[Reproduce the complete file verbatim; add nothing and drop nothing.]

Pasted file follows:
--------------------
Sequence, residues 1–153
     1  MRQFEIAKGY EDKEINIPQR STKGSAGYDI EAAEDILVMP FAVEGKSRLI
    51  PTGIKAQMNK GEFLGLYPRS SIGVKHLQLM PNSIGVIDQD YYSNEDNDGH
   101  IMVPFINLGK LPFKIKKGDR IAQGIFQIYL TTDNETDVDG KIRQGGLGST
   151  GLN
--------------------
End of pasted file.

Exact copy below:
Sequence, residues 1–153
     1  MRQFEIAKGY EDKEINIPQR STKGSAGYDI EAAEDILVMP FAVEGKSRLI
    51  PTGIKAQMNK GEFLGLYPRS SIGVKHLQLM PNSIGVIDQD YYSNEDNDGH
   101  IMVPFINLGK LPFKIKKGDR IAQGIFQIYL TTDNETDVDG KIRQGGLGST
   151  GLN